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The Sculpted Ladies
Viola J�rgens

From Radiance Spring 1998

sculptorI began sculpting large women at the early age of ten or twelve! I was simply fascinated by curves and lines that were pleasant to the touch-and my early works were all hand-sculpted using the very sensual medium ofkneeling lady clay.

From the beginning, I referred to my sculptures as Dicke Frauen-and for some reason, unknown to me, the images of large women continued to develop as I continued to work and to learn.

I was fortunate enough to study, from the time I was very young, with a well-known artist here in Freiburg: my own father!

My father worked with many different materials, including glass, steel, wood, and clay. Therefore I had the opportunity to experiment with all these media, and my father taught me specific techniques, for example, in sculpture.

Even today, my father and I work closely together, and we have shared the same studio for many years. In fact, my parents and my own little family-I am a working wife and mother, with a nine-year-old daughter and an eight-year-old son-share a house. Freiburg, which is in the hanstandsouthwestern part of Germany, is an old university city, and we also benefit from its close proximity to France and Switzerland (just about forty-five minutes by car!).

In the past three years, I have had five exhibits in my hometown of Freiburg, in the southern German city of Ulm, and in Basel, Switzerland.

I also have used my sculptures in show window decorations intended to sell, in a very artistic manner, extraordinary jewelry, exclusive fragrances, handmade furniture, and fashions for large-size women. squatting ladyMy "Ladies," as I call them in English, have been well received, whether in these window displays or as separate art objects themselves.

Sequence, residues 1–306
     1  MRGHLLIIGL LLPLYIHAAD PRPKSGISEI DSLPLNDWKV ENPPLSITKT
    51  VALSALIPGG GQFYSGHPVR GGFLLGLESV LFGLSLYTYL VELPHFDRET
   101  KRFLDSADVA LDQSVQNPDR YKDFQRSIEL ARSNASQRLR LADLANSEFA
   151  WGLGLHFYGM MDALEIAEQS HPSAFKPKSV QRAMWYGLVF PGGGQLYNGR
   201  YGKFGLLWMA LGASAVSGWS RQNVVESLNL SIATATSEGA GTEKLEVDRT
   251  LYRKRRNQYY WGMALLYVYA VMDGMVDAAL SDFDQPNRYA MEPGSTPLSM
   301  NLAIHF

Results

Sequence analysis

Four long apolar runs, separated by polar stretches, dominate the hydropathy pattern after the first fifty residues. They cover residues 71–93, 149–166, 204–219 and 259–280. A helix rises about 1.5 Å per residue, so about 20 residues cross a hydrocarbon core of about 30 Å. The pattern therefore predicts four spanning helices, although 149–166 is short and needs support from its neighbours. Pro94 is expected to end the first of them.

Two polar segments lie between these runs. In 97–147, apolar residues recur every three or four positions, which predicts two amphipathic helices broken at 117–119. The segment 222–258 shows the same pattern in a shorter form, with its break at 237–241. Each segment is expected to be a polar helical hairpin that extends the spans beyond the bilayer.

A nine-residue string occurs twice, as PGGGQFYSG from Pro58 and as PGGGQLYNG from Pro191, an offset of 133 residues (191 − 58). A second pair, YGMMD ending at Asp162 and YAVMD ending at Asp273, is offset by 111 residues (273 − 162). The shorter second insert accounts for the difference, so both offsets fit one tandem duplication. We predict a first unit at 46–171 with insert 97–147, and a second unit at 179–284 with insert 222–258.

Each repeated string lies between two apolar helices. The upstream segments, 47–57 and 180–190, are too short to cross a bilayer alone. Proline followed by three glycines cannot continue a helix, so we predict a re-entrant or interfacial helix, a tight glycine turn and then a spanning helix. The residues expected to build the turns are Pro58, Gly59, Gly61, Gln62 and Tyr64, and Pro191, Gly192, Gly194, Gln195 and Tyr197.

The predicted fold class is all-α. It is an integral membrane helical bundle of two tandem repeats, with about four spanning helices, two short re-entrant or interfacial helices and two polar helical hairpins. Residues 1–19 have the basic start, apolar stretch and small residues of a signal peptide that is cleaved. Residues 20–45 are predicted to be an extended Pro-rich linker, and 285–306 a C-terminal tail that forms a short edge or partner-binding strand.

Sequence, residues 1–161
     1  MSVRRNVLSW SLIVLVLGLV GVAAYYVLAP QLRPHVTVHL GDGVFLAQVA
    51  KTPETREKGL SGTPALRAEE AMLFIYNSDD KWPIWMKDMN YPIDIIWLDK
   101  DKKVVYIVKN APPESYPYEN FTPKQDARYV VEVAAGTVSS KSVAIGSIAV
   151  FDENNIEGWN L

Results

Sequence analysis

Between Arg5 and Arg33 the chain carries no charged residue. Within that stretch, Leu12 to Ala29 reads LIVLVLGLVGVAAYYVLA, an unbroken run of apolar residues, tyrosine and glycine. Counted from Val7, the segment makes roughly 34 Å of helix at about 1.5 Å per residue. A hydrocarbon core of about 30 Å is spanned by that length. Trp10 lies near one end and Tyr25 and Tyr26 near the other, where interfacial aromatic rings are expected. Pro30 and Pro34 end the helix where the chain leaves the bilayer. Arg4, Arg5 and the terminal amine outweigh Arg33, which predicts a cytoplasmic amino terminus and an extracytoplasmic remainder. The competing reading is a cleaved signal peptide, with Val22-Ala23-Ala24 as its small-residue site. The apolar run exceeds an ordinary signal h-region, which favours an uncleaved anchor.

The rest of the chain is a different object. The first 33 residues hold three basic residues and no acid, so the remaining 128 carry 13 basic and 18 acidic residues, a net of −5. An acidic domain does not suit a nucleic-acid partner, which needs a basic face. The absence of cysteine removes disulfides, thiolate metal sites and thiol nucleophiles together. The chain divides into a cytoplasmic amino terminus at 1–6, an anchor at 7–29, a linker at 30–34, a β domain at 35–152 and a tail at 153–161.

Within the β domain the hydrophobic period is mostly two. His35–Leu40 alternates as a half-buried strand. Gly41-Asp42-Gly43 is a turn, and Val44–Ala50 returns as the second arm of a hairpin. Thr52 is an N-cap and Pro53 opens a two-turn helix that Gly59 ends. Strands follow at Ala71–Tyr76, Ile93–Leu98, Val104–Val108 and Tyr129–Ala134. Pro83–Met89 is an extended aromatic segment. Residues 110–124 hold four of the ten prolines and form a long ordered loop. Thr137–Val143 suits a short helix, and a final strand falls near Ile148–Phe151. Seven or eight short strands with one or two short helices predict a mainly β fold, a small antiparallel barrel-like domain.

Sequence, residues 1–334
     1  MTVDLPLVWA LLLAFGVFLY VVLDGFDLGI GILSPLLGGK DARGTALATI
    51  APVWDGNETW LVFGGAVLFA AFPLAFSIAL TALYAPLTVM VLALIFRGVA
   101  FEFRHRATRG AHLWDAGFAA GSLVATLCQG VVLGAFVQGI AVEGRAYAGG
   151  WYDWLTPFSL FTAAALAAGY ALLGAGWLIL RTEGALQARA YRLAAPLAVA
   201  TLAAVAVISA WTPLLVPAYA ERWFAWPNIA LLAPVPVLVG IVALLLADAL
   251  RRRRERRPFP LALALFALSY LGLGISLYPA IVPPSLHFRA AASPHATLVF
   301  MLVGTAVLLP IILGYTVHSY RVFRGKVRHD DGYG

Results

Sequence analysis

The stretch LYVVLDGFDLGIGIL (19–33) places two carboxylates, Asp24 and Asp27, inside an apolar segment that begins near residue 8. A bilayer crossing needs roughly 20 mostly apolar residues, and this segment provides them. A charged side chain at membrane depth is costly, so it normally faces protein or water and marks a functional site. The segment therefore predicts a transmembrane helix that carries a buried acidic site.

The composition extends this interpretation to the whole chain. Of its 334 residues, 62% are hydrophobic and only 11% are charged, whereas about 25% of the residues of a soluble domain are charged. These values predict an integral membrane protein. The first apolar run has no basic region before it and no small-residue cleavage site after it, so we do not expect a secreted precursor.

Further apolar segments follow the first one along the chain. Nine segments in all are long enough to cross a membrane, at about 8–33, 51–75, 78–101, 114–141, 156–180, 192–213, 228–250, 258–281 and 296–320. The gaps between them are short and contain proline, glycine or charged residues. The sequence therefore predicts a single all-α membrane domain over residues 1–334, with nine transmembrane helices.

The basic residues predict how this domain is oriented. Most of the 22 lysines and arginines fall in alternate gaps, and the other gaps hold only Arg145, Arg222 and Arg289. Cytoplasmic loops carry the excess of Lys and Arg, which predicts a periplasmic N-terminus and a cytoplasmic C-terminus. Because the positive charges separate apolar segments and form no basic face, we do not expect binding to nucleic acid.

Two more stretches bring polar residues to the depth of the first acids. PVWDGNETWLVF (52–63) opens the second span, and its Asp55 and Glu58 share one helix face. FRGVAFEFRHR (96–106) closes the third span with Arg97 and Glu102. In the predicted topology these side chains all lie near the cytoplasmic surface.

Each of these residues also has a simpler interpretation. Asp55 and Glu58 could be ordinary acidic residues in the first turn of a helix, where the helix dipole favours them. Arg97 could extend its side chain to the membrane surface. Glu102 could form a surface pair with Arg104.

I neither work with models, nor am I my own model. It is the idea, the mental image I have, of soft and curved lines that I transfer to the solid materials with which I work.metal 2 Throughout time, I began to focus on a bricklike concrete substance called ytong, which is often used to build houses. Its color ranges from a bright white to a light gray. In working with ytong, I must employ saws to metal 1create the raw shape of the sculpture. Then I use hammers and other tools to achieve the details. Finally, the surface is finished with files and sandpaper.

Recently, I have also become interested in bronze sculptures. Usually, the bronze figures are sculpure gardensmaller than my "Ytong Ladies," smaller than twenty inches in height.

While creating models for the bronze sculptures, I came up with designs for jewelry: earrings and rings in sterling silver that turned out to be very popular with my friends and frequent customers.

For the most part, reactions to my work are more than positive. It has almost become possible for me to make lounging sculpturea living at my art. My customers, both women and men, say that they are attracted by the sense of self-confidence that my sculpted figures seem to embody.

This response encourages me in my wish to give my Ladies a broader audience, outside of Germany, and, of course, to share them with you: readers who appreciate the large, round female form. �

For information on Viola J�rgens's work and to receive a brochure, write to her at Karlstr. 67, 79104 Freiburg, Germany.

back to the Spring 1998 issue


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